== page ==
Text of homily preached by Diocesan Administrator of Achonry, Fr Dermot Meehan, at the Funeral Mass of Fr Gregory Hannan, P.E., Ballymote. Mass was celebrated in the Church of The Immaculate Conception, Ballymote, Co. Sligo on Friday September 6th, 2019.
In France – a country and culture very close to Fr Greg Hannan’s heart – there is an old custom of celebrating a person’s name day. So, in addition to marking birthdays every year, French people traditionally give a small gift to family members and friends on the feast day of the saint they are named after. By a curious coincidence, Fr Greg passed peacefully from this life on September 3rd, his name day, because in the Church’s yearly calendar, the third of September is the feast day of St Gregory the Great, a Pope who died in the year 604 and is still remembered and revered today as a wise and holy pastor.
God called Greg to himself on his name day and it is our hope and prayer, in this gathering of family and friends, that God will gift Greg now with a place in the resurrection and the life of the world to come, all that God promised Greg on the day of his baptism in St Patrick’s Church, Gurteen on 15th May 1937, all that is the reward reserved by God for those who serve him faithfully, as Greg did, especially in his fifty-seven years of ministry as a priest in our diocese of Achonry.
To his ministry, in school and parish, Greg brought his unique, God-given set of skills and talents: his keen intelligence, his lively and life-long interest in new ideas, his easy way with people, especially with the young, his great good humour and sense of fun, the energy and enthusiasm he brought to projects he was engaged in. To the people of the communities in which he served, Greg carried too the compassion and care of Christ in whom he believed so strongly and he favoured always the Gospel law of love more than the seemingly stricter commandments and harsher ways of the Old Testament.
Many memories of Greg have been shared over the past few days by family and friends, past pupils and parishioners. He will be greatly missed.
He will be particularly missed by his family for Greg was a much-loved brother and uncle. You will each have your own treasured memories of Greg, of his presence at family gatherings and special occasions, of his warm ways and his thoughtfulness, all that made him so special to you. When the diminishments old age so often brings took their toll on Greg in recent years, you showed how much you valued him in your care for him, and your support enabled him to continue to live in his own home until a few short weeks ago. That care was there to the end, particularly in Sr Bernadine’s supportive presence during Greg’s recent stay in hospital and his final days in the Nazareth Nursing Home.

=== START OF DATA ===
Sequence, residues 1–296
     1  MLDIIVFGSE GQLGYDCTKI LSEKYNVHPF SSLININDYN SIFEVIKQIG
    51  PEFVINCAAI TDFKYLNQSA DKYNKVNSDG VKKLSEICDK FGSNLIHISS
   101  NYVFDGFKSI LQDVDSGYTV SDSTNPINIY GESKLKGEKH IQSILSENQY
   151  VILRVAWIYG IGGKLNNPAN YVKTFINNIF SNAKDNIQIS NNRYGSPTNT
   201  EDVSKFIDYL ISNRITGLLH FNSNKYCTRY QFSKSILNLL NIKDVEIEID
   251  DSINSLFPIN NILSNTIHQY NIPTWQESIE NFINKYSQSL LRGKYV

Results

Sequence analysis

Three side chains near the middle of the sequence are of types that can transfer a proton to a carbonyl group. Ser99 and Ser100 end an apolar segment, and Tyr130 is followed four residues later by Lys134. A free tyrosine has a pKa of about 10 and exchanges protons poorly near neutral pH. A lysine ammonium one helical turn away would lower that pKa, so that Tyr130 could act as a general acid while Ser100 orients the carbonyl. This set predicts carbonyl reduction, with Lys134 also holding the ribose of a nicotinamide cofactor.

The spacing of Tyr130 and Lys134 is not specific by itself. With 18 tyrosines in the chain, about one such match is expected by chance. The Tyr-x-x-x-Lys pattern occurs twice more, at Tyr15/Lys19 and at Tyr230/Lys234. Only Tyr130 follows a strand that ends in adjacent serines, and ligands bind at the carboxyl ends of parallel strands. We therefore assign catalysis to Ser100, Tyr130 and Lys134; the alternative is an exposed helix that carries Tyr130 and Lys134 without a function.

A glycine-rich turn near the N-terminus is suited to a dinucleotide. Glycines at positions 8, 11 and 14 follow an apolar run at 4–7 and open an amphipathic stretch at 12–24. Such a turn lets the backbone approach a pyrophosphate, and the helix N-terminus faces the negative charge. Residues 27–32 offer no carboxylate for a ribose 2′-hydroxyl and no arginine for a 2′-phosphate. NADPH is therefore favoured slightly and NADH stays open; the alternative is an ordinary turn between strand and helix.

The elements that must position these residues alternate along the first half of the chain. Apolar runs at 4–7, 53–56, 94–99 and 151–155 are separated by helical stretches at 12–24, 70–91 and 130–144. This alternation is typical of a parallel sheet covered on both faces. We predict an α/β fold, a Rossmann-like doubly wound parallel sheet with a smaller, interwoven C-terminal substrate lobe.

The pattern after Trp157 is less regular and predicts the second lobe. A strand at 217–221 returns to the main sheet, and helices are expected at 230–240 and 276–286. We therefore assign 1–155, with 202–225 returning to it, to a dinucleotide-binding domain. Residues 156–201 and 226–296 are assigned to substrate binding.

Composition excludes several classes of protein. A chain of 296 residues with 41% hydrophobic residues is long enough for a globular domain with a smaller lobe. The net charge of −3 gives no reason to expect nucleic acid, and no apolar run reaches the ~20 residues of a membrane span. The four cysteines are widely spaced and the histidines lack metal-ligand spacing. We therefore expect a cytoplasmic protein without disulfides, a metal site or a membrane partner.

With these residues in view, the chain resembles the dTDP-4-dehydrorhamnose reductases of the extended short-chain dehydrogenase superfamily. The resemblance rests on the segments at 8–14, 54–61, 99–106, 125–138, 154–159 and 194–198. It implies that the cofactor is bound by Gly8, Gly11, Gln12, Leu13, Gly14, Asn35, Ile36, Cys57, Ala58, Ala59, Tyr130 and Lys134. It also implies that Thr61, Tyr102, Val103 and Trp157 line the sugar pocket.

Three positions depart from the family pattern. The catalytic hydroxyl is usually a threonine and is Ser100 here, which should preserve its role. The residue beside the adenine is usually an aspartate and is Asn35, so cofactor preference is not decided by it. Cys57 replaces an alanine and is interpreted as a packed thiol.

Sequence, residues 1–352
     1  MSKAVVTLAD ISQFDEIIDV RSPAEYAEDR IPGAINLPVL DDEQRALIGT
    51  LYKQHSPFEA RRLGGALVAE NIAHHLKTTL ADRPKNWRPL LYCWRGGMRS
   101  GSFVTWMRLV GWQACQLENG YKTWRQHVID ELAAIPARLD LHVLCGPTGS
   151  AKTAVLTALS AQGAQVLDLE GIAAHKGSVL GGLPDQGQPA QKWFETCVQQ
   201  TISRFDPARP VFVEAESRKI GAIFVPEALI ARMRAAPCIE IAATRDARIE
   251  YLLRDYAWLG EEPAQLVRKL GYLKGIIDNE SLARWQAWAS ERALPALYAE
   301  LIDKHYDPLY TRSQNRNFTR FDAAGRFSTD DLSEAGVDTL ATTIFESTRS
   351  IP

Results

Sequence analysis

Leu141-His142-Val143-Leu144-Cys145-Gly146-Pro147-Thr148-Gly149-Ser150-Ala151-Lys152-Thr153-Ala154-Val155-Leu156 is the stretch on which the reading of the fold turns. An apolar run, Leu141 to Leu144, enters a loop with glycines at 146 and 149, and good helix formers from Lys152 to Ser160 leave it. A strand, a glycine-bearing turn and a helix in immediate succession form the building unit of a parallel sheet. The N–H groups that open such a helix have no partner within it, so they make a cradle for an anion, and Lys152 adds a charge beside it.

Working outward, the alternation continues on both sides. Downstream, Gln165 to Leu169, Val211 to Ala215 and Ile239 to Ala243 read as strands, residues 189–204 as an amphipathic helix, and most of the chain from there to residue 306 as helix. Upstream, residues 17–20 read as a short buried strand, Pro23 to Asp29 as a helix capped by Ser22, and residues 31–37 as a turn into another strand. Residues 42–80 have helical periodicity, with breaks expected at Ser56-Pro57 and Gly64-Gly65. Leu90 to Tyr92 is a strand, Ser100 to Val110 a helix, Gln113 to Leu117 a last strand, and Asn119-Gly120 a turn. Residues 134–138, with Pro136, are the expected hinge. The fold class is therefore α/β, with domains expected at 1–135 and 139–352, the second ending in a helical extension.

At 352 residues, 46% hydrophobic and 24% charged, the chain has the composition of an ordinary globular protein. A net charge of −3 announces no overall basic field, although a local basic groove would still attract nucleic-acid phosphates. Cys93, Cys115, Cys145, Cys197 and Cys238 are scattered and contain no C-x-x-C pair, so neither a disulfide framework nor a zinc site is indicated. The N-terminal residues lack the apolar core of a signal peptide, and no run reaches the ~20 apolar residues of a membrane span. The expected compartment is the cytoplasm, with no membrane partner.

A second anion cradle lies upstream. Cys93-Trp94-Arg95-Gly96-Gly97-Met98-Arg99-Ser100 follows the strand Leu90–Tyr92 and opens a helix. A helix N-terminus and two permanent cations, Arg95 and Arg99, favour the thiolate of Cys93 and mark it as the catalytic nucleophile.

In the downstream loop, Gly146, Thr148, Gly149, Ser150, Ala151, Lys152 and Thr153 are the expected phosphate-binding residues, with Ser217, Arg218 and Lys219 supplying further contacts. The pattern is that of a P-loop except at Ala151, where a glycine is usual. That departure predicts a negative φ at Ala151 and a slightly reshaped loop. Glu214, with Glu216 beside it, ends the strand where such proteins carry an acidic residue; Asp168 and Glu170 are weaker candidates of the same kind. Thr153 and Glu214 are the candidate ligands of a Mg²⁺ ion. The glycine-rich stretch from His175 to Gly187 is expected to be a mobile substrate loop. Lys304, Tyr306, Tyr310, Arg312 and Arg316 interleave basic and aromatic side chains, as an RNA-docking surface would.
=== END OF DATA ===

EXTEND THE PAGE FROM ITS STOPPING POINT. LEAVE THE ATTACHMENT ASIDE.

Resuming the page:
His past pupils from his days in St Nathy’s College have many fond memories of Greg also. We will remember an engaging teacher who introduced us to the language, literature and culture of France, who gently guided our choices in life in his role as Careers Guidance Counsellor and who encouraged talent in tennis and handball, drama and music. Those of us who were boarders at a particular point still speak, more than forty years later, of the radio station Greg set up in his room and broadcast to our dormitories at night.
People in the parishes in which he served will remember Greg as a caring pastor who enjoyed celebrating baptisms and weddings and who was a sure support at times of sickness and sorrow. He engaged with people of all ages and, especially in his younger days, was a popular presence among the youth with whom he built up a particular rapport.
Among his colleagues in this diocese Greg will be remembered for his convivial company, his sharing of interests and ideas, his contributions to our conferences and meetings for he was never shy in expressing his opinion or making his point in a discussion. Ordained in the year the Second Vatican Council met for its first session, Greg embraced its teachings with enthusiasm and constantly strived to implement the spirit of the Council in making the Gospel relevant to the reality of parish life in the modern world.
For all our memories of Greg, in whatever capacity we knew him, today, together, we give thanks to God. We pray that God will gather Greg and his goodness to himself for, in the words of the second reading, Greg has fought the good fight, he has finished the race, he has kept the faith. We commend Greg to the care of the risen Christ and ask that Christ, Greg’s brother and friend, will lead him now through the dark door of death that becomes for believers the gateway to resurrection.
Mentioning resurrection, some years ago, Greg shared with me the difference in the depiction of the risen Christ in western art and in the icons of the Orthodox churches of the East. In western Christian art, he pointed out, Christ is always pictured rising from the dead alone. In the icons of the Orthodox churches of the East, Christ is shown emerging from the world of the dead, holding the hand of Adam and of Eve and leading the whole company of the dead into the light of heaven and the peace of God’s eternal presence. That image of the risen Christ from the icons of the East made sense to Greg and says so much about the Christ he put his faith in.
So, in faith, we pray now that the risen Christ may take Greg’s hand and lead him into the life with God that lasts for ever to enjoy the promise of peace and the reward of rest and the experience of unending joy.